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Investigating the carcinogenicity of e-cig

Institution: University of Southern California
Investigator(s): Stella Tommasi, Ph.D.
Award Cycle: 2016 (Cycle 25) Grant #: 25IP-0001 Award: $396,000
Subject Area: Environmental Exposure/Toxicology
Award Type: High Impact Pilot Award

Initial Award Abstract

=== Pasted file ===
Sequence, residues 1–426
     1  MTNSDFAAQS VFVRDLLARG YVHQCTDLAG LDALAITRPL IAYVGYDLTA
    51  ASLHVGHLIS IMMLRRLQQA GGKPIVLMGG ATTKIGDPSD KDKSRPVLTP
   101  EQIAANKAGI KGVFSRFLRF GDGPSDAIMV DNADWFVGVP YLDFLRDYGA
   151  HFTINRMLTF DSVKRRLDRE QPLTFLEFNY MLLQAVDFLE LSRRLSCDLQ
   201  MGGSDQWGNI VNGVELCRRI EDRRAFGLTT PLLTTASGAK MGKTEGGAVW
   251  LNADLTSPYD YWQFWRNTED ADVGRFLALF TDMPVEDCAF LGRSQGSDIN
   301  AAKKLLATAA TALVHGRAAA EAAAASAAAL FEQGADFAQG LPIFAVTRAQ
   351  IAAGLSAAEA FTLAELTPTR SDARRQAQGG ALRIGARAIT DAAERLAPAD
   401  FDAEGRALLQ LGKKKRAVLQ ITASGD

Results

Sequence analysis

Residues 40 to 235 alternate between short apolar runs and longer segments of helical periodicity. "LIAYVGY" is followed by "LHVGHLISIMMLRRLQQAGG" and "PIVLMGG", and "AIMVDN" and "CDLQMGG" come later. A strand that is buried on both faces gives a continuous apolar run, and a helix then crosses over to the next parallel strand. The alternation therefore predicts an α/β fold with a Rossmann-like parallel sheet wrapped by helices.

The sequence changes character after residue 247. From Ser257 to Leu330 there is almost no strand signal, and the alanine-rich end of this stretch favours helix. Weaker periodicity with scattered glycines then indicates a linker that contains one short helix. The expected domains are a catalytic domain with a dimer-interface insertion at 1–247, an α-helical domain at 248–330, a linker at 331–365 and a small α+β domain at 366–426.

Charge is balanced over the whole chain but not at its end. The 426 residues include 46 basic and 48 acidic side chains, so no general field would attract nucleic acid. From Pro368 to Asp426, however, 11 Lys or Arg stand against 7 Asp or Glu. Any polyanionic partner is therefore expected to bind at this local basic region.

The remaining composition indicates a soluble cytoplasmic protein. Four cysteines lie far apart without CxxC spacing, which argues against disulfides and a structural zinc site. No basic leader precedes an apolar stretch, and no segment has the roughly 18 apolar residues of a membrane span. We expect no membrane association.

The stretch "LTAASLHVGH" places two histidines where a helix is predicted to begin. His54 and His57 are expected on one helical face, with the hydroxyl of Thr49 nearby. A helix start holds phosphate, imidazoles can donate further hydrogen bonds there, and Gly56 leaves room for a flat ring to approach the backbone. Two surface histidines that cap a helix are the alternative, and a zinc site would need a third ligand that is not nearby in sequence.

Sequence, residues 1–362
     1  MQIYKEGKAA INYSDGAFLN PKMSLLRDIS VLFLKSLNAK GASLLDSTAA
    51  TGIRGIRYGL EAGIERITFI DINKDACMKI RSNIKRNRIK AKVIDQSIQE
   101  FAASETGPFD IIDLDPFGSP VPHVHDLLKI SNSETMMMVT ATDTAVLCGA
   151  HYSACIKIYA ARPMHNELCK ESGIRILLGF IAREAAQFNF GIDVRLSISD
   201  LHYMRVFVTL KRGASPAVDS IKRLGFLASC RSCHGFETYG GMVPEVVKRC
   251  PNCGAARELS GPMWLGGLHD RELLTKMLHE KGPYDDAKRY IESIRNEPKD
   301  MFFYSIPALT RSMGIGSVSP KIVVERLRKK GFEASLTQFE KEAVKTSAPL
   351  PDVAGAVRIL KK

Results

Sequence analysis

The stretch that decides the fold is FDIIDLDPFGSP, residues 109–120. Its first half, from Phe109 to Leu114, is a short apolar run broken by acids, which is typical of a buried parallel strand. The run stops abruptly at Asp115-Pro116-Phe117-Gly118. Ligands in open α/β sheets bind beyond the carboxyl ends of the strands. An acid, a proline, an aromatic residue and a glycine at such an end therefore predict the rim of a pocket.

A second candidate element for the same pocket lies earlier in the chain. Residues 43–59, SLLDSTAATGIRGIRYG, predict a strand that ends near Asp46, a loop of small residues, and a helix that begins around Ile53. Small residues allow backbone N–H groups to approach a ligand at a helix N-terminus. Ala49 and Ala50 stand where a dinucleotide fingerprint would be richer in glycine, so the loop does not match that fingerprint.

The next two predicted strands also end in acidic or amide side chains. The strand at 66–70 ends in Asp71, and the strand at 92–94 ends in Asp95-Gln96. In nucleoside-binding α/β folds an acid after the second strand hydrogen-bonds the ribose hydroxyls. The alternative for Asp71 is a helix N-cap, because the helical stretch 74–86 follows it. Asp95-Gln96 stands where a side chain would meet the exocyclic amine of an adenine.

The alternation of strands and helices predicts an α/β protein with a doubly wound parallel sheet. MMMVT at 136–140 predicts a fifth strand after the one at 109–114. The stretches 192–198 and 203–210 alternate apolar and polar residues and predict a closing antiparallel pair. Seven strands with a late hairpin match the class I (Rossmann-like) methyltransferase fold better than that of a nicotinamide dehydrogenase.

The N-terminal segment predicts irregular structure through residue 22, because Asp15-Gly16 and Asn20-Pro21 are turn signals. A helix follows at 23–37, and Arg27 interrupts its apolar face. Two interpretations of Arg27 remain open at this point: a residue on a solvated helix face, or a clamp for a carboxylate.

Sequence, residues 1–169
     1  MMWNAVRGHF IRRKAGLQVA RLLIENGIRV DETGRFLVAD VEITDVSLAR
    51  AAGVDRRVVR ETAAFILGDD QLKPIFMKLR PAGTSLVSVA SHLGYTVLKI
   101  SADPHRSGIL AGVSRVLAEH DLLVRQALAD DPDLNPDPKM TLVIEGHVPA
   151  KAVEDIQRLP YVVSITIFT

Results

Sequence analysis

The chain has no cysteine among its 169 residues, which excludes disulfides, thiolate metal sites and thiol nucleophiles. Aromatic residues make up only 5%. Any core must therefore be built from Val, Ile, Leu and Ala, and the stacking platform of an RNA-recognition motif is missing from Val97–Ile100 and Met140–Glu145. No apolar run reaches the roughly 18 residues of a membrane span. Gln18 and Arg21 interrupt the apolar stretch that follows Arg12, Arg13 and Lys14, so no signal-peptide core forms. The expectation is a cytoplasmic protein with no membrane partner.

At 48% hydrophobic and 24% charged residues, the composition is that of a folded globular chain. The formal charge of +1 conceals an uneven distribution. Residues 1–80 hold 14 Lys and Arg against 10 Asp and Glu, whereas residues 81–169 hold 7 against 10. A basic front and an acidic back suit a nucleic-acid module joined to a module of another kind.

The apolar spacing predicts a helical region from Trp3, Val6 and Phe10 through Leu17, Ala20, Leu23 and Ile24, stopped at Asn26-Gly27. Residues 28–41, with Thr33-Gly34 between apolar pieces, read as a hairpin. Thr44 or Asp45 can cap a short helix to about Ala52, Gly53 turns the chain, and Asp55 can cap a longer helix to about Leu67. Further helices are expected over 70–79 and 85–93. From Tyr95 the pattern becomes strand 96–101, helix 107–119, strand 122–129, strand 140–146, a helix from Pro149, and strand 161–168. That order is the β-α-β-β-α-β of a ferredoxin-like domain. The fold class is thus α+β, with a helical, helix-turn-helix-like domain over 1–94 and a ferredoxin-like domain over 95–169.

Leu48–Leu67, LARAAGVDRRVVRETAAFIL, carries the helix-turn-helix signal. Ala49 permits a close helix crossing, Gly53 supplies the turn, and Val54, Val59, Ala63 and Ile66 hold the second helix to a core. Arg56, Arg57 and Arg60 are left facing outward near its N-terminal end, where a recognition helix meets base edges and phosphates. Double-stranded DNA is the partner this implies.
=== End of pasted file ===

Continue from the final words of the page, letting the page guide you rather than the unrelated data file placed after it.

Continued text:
This project will address the overall health impact of electronic cigarette (e-cig) use, which is a major public health concern. E-cigs are increasingly promoted as safe alternatives to conventional tobacco cigarettes or as aids to smoking cessation. E-cigs are rapidly gaining acceptance in the United States and many parts of the world, especially among children and young adults. However, very little is known about the health consequences of e-cig use. The studies described in this “Pilot Research Award” application will investigate, for the first time, the cancer-causing potential of e-cig in a validated mouse model. We will use state-of-the-art DNA sequencing-based techniques, developed in our laboratory (Nucleic Acids Res, 2012) and others’, to investigate the cancer-relevant biological effects of e-cig aerosol, and compare the results to those of cigarette smoke. Using a microprocessor-controlled vaping machine, we will expose mice to e-cig aerosol, harvest their lungs, and measure molecular changes that are known to be associated with cancer. The culmination of the studies described in this proposal is expected to result in data that can help clarify the health risks/benefits of e-cig use relative to cigarette smoking. This information will assist regulatory agencies in making scientifically based decisions on the development and evaluation of regulations on e-cigs and other tobacco products to protect public health and to reduce tobacco use by minors.